The match between title rivals, Liverpool and Arsenal, had to be rearranged because of the Hillsborough in 1999, and as such was eventually played on a Friday night at the end of the campaign. 

    Arsenal needed to win by two clear goals to stop Liverpool from retaining the title, and when Michael Thomas broke through with seconds of to go at Anfield, Moore cried, "It's up for grabs now" just before Thomas scored a thrilling championship-winning goal.

Barry Davies: 'Is Gascoigne Going to Have a Crack? He Is, You Know…'

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    Davies again, this time calling one of Paul Gascoigne's finest moments.

    The 1991 FA Cup semifinal between North London rivals Tottenham and Arsenal was the first ever to be played at Wembley, though it was due to the demands for tickets rather than because the FA were frantically trying the pay for the new stadium as they do today.

    With just five minutes on the clock, Gascoigne strode up to a dead ball some 30 yards from goal and fired his piledriver of a free kick right into the top corner.

    Davies asking the question out loud followed by his sheer delight at the ball flying in was a treat, as was his immediate summation, "That is schoolboy's own stuff."

Jonathan Pearce: 'Ready… Steady… Teddy…'

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    The 1996 European Championships was held in England and it saw the host nation give one of their best ever performances at a major tournament.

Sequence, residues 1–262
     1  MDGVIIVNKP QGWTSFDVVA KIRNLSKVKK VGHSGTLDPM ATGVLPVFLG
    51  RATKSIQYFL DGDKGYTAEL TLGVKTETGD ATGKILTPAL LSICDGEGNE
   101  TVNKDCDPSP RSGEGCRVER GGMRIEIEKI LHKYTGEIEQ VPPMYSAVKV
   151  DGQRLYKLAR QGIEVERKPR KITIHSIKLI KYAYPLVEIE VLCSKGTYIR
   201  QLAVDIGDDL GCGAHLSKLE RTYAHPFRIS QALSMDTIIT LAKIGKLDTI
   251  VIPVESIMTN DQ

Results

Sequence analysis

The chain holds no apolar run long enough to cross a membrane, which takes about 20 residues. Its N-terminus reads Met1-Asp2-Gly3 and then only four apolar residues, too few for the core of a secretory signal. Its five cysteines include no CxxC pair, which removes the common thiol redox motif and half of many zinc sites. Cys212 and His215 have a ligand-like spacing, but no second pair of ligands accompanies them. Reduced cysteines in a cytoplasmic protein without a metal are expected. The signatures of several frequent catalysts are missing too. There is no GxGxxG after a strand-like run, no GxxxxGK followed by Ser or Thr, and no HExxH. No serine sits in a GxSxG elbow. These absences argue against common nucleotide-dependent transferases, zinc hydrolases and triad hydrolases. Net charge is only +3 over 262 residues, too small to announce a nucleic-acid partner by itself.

The crowning glory of that summer was their 4-1 win over Netherlands, and Jonathan Pearce's radio commentary of that match—in particular Teddy Sheringham's goal (around the 1:40 mark)—has been put together perfectly alongside the unofficial anthem of the championships, Three Lions.

    His ecstatic hollering may not have been to everyone's taste, but there is no denying that it captured the mood of a nation perfectly, "The Dutch weren't ready, the defence wasn't steady, and there was good old Teddy!" Mind you, the glass of sherry line was probably overkill.

Martin Tyler: 'He's Cut Arsenal to Ribbons'

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    Another tremendous bit of commentary brought via the FA Cup, this time by Sky's Martin Tyler in 1999.

    With Manchester United down to 10 men at Highbury and Arsenal looking most likely to score the winner in extra time, Ryan Giggs picked up on a poor pass from Patrick Vieira in midfield. 

    No doubt you have seen Gigg's wonderful jinking run from his own half and wonderful near-post finish, but the work of Tyler in the commentary box still added to the drama.

    As Giggs wheeled away, twirling his shirt in celebration, Tyler told it how it was when he said, "Sensational run from Ryan Giggs! He's cut Arsenal to ribbons, and the team with 10 men go back in front!"  

John Motson: 'Emile Heskey, Could It Be Five?'

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    Clearly there is a theme here. Many of these entries are based on some of England's finest moments, but it is the nature of international football for such incidents  to be the ones that are shared by so many.

    When England was beating Germany 4-1 in their World Cup qualifier in Munich, it was difficult for those supporting either side to comprehend.

    That bafflement was summed up perfectly by Motson as Paul Scholes squared the ball to his teammate. The disbelief in the commentator's voice as he asks the question, "Emile Heskey. Could it be five?" is something to behold.